Below are our frequently asked questions. Should you have any additional questions not answered in our FAQ, please contact us at firstname.lastname@example.org.
All students admitted receive full funding. Currently our funding includes a waiver of all tuition, and a stipend.
To find out about how to apply, please visit the Graduate School of Arts and Sciences (GSAS) Application Resource Center & the Politics Program Bulletin. Feel free to also review their Admissions FAQ. You may also contact email@example.com with any additional application related questions.
The application period runs through approximately mid-September to mid-December of each year, for fall admissions for the following year. Admissions offers are typically made by mid-February, and your decision to accept or not is expected by mid-April. Please visit the Graduate School of Arts and Sciences (GSAS) Politics Program Bulletin for more specific deadlines.
Because we have so many requests to visit, the DGS is NOT available to meet with applicants or potential applicants.
Each year, a small committee of faculty in the Department reviews all applications and makes selections. Individual faculty members do not select the students with whom they will work, so it is not necessary to contact individual faculty members in the Department prior to applying.
A great way to learn about the program is through the description on the main PhD page. You can also look online at our course schedules and read associated syllabi.
We look for students who have demonstrated academic excellence, and who we think are a good fit for the program. We measure academic excellence based on your grades as an undergraduate, as well as your GRE scores, your letters of recommendation, your statement of academic purpose, and your writing sample.
- Grades: If your GPA is less than 3.5, we would be looking for other measures to indicate likely success in the program.
- GRE Scores: If your GRE scores are not in the 90th percentile we would be looking for other indicators of likely success in the program. We make allowances for lower verbal GRE scores for non-native speakers of English.
- The Writing Sample: A writing sample demonstrating academic work in social science is required. This would most likely be a paper or chapters of a thesis from your undergraduate career. It should be between 25 and 50 pages, double-spaced in the English Language, exclusive of references or appendix tables. It should demonstrate your ability to think analytically about some social science question and communicate it clearly. The best writing sample is a completed paper that lays out a hypothesis and presents evidence.
- Letters of Recommendation: We are looking for three letters from people who can evaluate your ability to do social science, or can comment on your academic performance. Letters from people you have worked for outside an academic or research setting generally have little value to us. The letters are very important, so getting letters from people familiar with your academic work is extremely valuable.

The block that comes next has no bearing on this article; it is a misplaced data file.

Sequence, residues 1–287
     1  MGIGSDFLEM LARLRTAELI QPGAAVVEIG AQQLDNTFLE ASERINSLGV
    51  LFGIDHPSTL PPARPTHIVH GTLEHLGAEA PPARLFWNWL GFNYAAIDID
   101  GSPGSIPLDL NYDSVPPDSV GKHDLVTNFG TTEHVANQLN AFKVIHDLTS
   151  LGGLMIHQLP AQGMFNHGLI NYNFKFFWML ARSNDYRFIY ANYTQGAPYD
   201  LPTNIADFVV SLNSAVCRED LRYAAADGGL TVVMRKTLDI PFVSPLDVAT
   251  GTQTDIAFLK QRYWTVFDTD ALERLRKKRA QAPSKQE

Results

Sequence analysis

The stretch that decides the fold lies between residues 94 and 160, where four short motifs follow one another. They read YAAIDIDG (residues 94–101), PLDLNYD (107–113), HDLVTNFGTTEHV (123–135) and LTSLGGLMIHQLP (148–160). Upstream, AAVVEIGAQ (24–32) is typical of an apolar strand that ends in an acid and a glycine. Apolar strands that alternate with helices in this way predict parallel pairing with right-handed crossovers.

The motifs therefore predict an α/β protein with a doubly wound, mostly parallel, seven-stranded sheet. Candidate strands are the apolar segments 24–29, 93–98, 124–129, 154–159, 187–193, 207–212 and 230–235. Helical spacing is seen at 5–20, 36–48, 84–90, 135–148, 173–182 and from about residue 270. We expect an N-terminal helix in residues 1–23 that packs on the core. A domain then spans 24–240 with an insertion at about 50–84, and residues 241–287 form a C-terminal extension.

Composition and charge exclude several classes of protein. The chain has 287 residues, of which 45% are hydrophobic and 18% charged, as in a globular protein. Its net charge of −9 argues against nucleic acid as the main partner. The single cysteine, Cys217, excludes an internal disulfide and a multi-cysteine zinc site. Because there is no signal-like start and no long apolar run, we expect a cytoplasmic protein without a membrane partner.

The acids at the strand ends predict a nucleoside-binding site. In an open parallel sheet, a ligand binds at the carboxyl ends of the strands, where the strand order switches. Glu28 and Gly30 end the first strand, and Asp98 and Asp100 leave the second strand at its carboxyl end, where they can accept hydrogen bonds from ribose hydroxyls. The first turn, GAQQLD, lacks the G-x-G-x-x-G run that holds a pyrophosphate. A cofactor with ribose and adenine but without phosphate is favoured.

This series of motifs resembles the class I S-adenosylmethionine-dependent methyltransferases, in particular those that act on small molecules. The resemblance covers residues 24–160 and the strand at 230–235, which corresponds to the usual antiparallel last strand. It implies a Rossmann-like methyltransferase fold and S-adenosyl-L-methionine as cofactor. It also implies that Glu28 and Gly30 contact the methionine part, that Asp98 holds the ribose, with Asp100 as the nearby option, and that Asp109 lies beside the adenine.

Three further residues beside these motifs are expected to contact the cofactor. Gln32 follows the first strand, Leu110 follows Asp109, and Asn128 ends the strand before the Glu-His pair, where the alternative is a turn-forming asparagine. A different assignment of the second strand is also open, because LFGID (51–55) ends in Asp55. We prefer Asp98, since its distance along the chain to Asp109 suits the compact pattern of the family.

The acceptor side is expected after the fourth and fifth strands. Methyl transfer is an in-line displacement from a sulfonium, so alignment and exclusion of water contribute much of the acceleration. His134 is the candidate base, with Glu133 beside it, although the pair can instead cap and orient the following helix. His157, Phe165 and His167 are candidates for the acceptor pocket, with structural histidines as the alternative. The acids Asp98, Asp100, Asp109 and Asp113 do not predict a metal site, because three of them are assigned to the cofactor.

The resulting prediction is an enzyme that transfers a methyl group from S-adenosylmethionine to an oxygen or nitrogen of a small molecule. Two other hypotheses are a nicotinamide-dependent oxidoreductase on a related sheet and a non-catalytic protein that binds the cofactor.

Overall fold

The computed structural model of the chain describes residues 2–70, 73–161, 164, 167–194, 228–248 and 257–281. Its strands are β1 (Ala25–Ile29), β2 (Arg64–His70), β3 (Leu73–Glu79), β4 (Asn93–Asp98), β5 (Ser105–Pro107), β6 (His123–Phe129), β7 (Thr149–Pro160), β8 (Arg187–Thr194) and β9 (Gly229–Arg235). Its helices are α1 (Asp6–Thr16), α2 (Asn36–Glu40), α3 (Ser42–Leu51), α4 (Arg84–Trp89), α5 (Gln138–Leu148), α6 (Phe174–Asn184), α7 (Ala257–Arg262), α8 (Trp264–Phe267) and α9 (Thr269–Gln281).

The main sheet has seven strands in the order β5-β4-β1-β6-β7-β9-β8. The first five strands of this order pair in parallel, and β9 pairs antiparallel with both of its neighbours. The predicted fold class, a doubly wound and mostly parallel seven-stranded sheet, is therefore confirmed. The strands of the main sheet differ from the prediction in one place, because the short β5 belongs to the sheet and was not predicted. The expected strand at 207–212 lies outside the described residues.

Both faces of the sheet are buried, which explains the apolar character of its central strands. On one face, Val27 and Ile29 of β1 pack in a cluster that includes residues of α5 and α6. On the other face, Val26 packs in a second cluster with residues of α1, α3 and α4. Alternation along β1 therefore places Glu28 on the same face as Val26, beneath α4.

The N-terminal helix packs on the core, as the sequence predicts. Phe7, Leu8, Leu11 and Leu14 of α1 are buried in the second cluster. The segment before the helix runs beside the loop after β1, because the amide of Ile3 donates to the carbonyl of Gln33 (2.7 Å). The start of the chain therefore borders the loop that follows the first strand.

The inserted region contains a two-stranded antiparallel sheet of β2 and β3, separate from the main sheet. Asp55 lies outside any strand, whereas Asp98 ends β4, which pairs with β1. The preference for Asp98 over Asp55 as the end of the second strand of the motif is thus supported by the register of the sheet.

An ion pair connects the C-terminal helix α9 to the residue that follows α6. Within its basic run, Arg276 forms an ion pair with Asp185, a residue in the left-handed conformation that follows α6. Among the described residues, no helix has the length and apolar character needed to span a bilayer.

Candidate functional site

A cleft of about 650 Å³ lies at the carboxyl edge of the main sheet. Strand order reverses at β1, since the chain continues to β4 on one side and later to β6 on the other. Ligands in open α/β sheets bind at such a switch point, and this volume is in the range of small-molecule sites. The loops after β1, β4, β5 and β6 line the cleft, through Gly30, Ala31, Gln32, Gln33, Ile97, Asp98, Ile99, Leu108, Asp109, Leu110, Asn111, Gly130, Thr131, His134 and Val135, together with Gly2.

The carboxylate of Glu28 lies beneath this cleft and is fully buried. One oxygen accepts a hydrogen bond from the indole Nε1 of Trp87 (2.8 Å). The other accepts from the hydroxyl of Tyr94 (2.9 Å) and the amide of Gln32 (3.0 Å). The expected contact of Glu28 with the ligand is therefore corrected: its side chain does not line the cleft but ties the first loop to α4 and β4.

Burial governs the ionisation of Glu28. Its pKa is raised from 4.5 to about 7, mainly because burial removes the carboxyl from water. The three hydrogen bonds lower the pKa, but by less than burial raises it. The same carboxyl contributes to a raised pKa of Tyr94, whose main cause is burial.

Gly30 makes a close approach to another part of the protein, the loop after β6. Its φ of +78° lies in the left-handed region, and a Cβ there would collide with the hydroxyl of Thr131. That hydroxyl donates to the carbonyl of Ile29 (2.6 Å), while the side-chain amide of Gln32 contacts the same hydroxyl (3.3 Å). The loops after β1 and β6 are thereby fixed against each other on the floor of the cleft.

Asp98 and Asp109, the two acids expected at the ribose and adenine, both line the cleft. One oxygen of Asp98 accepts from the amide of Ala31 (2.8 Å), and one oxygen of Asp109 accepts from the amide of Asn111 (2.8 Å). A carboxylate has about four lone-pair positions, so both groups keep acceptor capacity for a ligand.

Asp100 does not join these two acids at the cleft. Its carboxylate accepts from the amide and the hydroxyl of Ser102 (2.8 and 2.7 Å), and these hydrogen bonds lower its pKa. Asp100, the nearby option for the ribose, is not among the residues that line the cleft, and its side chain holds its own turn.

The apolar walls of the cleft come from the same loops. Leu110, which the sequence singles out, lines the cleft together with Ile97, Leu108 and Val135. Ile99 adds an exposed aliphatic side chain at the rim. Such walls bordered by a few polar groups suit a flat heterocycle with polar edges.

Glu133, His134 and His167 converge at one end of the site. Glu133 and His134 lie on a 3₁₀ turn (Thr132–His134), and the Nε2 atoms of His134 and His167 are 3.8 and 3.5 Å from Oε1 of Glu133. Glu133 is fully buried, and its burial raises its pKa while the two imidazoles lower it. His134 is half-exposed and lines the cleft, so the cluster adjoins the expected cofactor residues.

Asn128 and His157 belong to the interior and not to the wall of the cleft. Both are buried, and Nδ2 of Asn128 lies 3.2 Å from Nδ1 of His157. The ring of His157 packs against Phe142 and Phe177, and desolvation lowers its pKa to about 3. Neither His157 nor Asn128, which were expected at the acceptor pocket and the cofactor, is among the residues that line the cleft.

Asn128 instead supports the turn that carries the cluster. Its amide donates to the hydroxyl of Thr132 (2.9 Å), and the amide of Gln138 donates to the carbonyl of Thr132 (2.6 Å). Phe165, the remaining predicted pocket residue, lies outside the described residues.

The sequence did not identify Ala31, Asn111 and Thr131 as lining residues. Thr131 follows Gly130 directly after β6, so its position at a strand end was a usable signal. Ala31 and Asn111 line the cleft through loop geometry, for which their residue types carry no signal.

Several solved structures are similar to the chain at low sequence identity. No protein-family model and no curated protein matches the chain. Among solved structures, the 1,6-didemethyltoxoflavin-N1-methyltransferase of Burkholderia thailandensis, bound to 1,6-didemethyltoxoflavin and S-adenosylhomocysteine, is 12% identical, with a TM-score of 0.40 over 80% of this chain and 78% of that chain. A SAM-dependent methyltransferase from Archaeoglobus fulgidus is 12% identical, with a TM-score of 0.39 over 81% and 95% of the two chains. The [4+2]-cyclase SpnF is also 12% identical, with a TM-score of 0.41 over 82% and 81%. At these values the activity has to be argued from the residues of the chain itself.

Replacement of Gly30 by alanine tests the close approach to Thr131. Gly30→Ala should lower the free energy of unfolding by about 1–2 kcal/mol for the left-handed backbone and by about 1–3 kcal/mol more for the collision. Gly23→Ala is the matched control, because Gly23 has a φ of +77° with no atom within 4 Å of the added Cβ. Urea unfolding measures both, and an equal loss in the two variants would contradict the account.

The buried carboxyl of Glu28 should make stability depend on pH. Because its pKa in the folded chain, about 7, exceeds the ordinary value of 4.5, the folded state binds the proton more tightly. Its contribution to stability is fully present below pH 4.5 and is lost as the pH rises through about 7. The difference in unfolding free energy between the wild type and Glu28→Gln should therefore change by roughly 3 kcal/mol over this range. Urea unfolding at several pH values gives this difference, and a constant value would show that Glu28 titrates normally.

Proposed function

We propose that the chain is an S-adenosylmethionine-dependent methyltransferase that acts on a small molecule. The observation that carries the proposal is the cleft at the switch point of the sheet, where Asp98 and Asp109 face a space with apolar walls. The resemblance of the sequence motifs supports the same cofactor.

It is helpful if you have majored in political science, or some related social science discipline (such as economics or sociology). But there is no specific set of requirements. Applications will be evaluated for evidence that the applicant has strong interests and potential in the field of political science.
We have no set minimum math background. But we have a very analytical program, the more math you know, the better off you are. Having taken courses in calculus or statistics will generally strengthen your application.
No, you do not need any degree beyond a BA or BS.
Yes. The GRE is required of all applicants and will not be waived under any circumstances.
If you are not a native English speaker, you must submit an official IELTS or TOEFL score. This is waived if you have a BA or MA (or will upon admission) from an institution where instruction was in English and/or if you are a US citizen or permanent resident.
The MA in Politics is a terminal master’s degree program and does not lead into the PhD program. The two programs are separate and students cannot transfer from the master’s program to the PhD program. However, students can apply to the PhD program while enrolled in the MA program. Our MA program lays the groundwork for students wishing to pursue a PhD, as it provides methodological training, the opportunity to work with faculty and develop research interests, and advisement on the application process. A number of our alumni have been successful in gaining admission to competitive PhD programs.
Students entering with an M.A. degree from an equivalent institution may petition for a waiver of up to one year of course requirements (equivalent of 24 points). For this purpose, a copy of the M.A. thesis must be submitted to the director of graduate studies (DGS) when the student enters the program. The DGS appoints two faculty members as readers to decide whether the thesis is equivalent in standards and quality to the department’s requirements. If the M.A. thesis is approved, the student submits the waiver petition to the DGS at the end of the first year of residence. In consultation with the readers, the DGS decides whether or not to waive residence requirements on the basis of the M.A. thesis and the grade record of the student during the first year at New York University. Please note that if a student is granted a waiver of 24 points, he or she is required to waive one year of academic funding.
We do (rarely) take transfers from other PhD programs. In such cases we expect a very clear statement from the student, confirmed in the letters, that there is a particular academic reason for the transfer.